I recently read an article on BBC News (‘Not just a game- Is it right to ‘recreate’ disability?’) about the growing number of apps that allow non-disabled people to ‘experience’ being disabled. The article presented a number of recent games that simulate disabilities and has made me wonder: what is the current state of disability simulations and how are they used? What are the positive and negative aspects of disability-related games and simulations? What is the purpose of these new simulations? To simulate the disability experience, to examine the reality of disability or to show how to resolve the disadvantages experienced in society?
My first experience with a disability simulation was during my PhD where I used Sim-dis, a collection of software that simulates aspects of disability, developed by JiSC. These simulations were developed to be used for training and awareness raising activities and for teaching student in areas where an understanding of disability is required. I remember I was expecting to have one of those moving, powerful and ‘eye opening’ experiences, but it was nothing like that. I did not gain a better understanding of what life with a disability entails- I just got a glimpse of how visually impaired people would access the overly cluttered website I was learning to design as part of that particular module. However, what the simulation has achieved was that it made me think that there is a lot more to disability than running around with a blindfold for a while, or switching your computer screen off and trying to navigate through a website. Since then we have moved on from simulations of disability experiences such as completing tasks while covering eyes or sitting in a wheelchair. Webaim have created a number of simulations that show the impact of certain designs and web services on users. These include screen reader, low-vision, dyslexia and distractibility simulation but they are quite old and do not reflect the current state of disability or assistive technology.
A more recent example is Braille Institute’s VisionSim app for smartphones was designed to allow people with healthy vision to experience the world through the eyes of a person experiencing one of nine degenerative eye diseases, including macular degeneration, diabetic retinopathy, glaucoma and cataracts.
Criticisms of disability simulation reach far beyond the limitations of simulating a ‘real’ disability. Critics argue that in showing people the negative and difficult experiences of disability in such way, simulations reinforce the medical model of disability. But what are the positive aspects of disability-related games and simulations in the context of emerging paradigms of disability studies? I raised this question to Dr Christopher Bailey, from AbilityNet , one of my colleagues who has been working in the field of accessibility for over 10 years and asked him to share his experiences of using disability simulations. Q: What is your personal experience of using disability simulations?
‘I have been working in the field of web accessibility for nearly ten years now, and I do believe that disability simulations have a place to play in an educational context. I have used disability simulations in a variety of contexts, when I worked in academia, I have repeatedly used the Webaim simulations as part of accessibility awareness raising events for a EU-funded research project that offered digital services to web designers and SMEs with websites’. These were very well received by participants. I also use simulations as part of a tutorial session for a User Experience Design course. and feedback from the students was positive as they felt it made them appreciate and better understand the difficulties some people have when using the web.’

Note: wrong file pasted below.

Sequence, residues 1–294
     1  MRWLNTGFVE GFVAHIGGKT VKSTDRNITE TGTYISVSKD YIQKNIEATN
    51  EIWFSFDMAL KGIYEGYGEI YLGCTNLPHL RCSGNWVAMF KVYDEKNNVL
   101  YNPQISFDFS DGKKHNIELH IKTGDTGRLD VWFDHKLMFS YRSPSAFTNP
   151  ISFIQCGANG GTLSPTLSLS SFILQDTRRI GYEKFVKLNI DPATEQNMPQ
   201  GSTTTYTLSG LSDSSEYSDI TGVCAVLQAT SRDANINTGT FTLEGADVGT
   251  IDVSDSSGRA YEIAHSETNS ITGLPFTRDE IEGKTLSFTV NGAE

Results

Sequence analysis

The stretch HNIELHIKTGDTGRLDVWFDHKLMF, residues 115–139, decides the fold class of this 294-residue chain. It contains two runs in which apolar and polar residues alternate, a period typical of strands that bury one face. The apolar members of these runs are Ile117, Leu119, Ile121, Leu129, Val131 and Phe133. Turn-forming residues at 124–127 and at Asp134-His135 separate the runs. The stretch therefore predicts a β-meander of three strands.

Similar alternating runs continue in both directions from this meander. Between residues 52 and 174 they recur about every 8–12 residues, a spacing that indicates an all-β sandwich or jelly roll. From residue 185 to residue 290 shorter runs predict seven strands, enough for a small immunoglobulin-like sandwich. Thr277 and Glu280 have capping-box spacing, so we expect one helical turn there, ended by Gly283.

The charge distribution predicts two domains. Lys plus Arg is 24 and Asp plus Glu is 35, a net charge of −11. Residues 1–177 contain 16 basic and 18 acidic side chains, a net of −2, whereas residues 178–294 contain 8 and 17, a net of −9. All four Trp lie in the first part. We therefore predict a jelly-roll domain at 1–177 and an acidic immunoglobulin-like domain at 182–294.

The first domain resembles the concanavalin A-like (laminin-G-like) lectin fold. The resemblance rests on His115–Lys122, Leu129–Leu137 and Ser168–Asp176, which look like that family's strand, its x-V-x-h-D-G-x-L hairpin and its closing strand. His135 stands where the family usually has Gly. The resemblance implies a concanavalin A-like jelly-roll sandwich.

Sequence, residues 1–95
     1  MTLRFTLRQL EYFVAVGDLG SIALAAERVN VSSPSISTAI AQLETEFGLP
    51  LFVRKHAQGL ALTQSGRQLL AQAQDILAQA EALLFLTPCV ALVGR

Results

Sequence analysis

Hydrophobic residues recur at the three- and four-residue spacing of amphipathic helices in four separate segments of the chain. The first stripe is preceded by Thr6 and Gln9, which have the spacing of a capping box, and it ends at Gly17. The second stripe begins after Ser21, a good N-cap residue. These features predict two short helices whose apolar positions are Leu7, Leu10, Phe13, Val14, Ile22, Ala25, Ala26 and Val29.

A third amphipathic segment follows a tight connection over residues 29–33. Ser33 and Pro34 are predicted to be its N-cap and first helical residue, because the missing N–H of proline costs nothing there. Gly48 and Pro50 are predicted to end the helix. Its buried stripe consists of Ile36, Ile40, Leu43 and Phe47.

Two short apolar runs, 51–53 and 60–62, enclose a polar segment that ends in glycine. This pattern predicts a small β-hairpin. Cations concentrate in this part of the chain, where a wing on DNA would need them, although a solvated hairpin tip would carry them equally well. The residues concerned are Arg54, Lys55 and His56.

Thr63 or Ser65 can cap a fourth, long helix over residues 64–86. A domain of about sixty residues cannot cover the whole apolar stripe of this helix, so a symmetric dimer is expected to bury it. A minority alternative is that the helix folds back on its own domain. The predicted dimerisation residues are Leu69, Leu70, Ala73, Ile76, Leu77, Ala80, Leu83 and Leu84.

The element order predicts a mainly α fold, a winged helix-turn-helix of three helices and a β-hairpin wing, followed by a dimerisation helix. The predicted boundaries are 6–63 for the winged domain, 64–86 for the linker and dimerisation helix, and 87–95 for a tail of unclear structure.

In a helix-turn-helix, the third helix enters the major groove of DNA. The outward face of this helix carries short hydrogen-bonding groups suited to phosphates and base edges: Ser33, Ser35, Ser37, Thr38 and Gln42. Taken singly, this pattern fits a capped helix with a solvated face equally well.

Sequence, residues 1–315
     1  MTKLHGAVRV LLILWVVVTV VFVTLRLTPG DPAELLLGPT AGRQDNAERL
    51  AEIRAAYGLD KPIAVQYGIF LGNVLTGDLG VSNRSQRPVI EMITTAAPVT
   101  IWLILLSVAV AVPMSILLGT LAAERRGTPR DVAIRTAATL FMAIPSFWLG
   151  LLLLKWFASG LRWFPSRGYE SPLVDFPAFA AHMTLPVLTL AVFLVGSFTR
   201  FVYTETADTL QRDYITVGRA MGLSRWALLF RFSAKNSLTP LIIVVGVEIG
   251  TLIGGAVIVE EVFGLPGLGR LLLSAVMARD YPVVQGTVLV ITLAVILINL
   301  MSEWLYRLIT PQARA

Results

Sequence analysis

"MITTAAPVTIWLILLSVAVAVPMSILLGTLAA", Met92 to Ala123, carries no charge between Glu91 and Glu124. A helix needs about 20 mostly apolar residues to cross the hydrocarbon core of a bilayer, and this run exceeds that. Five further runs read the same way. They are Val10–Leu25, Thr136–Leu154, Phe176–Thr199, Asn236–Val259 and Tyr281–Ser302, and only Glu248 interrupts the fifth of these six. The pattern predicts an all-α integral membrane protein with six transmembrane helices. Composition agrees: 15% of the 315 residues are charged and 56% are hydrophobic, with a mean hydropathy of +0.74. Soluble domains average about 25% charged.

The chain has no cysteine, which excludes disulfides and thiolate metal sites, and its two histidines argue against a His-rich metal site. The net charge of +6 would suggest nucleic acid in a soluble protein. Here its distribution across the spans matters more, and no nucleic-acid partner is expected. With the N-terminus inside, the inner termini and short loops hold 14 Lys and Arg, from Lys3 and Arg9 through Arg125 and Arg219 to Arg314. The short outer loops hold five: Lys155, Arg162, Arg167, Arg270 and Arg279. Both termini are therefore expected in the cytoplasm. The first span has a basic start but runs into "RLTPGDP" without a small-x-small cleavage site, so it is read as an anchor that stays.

Q: Have you used disability simulations in a non-educational context, and if so, what was your experience?
I have found that there is less need to use them in a industry context; for example when we run accessibility testing sessions for clients with users who have a range of disabilities. We always encourage clients to come along and observe. They find it interesting to see the different ways users interact with the web, but are often disappointed when they see how some people, particularly screen reader users, can struggle to complete tasks on their website. I don’t think we could have achieved the same goal if we just replaced the live observations with disability simulations. I think observing users first-hand is perhaps the most powerful motivational tool and is more effective than simulations. I think it was Professor Helen Petrie who called this the ‘lightbulb effect’. This experience demonstrated to me that simulations can help raise awareness of the needs of people with disabilities and can motivate designers and developers to implement techniques to support these users. I think it is important to make it clear when presenting them to users, that they are designed to simulate the effect a disability can have when using the web, and NOT the disability itself.’
I personally believe there is a big difference between putting on a pair of oven gloves or a blindfold (simulating the disability) to simulating the effect of the disability on your interactions with the environment or technology. I don’t think a simulation or a game can ever give the true picture of the experience of living with a disability, but I this doesn’t necessarily mean that they elicit pity. I believe that a well-designed simulation (and i know this concepts deserves its own blog post) can instil empathy, but empathy does not equate with acceptance.